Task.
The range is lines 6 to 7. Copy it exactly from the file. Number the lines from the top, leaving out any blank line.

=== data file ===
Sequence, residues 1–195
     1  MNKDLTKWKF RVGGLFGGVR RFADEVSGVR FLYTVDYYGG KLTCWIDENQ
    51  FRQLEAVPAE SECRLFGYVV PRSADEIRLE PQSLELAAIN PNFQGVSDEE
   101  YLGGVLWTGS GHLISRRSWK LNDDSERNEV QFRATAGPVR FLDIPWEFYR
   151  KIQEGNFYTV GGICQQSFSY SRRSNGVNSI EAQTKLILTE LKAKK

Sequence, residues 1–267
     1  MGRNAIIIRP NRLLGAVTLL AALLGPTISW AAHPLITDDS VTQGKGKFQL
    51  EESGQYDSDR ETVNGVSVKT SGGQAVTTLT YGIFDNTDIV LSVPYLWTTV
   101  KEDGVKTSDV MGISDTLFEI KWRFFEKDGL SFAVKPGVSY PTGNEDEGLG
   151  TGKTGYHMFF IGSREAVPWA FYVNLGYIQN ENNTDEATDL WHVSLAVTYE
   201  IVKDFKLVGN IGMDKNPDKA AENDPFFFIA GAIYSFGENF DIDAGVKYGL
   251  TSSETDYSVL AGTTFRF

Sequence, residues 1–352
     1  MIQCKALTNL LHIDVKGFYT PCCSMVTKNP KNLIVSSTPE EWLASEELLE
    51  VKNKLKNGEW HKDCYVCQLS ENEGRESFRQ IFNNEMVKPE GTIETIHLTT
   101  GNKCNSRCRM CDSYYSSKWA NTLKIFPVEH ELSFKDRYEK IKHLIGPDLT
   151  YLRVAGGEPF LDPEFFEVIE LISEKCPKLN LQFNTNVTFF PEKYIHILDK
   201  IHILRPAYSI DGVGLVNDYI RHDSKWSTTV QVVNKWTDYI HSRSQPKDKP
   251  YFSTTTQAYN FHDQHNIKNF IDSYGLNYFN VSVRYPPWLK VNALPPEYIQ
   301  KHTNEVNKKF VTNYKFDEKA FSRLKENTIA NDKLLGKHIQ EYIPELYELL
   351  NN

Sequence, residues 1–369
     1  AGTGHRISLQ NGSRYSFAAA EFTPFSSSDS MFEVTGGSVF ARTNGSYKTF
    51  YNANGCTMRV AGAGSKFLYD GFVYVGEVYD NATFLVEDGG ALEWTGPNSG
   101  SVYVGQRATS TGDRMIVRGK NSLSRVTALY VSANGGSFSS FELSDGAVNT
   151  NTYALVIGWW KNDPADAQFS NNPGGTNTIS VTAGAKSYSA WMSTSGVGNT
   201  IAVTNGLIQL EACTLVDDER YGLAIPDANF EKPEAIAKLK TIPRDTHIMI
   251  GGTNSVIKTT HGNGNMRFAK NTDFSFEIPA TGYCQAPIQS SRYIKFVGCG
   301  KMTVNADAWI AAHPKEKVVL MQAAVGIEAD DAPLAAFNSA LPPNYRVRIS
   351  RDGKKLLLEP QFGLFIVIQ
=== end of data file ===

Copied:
Sequence, residues 1–267
     1  MGRNAIIIRP NRLLGAVTLL AALLGPTISW AAHPLITDDS VTQGKGKFQL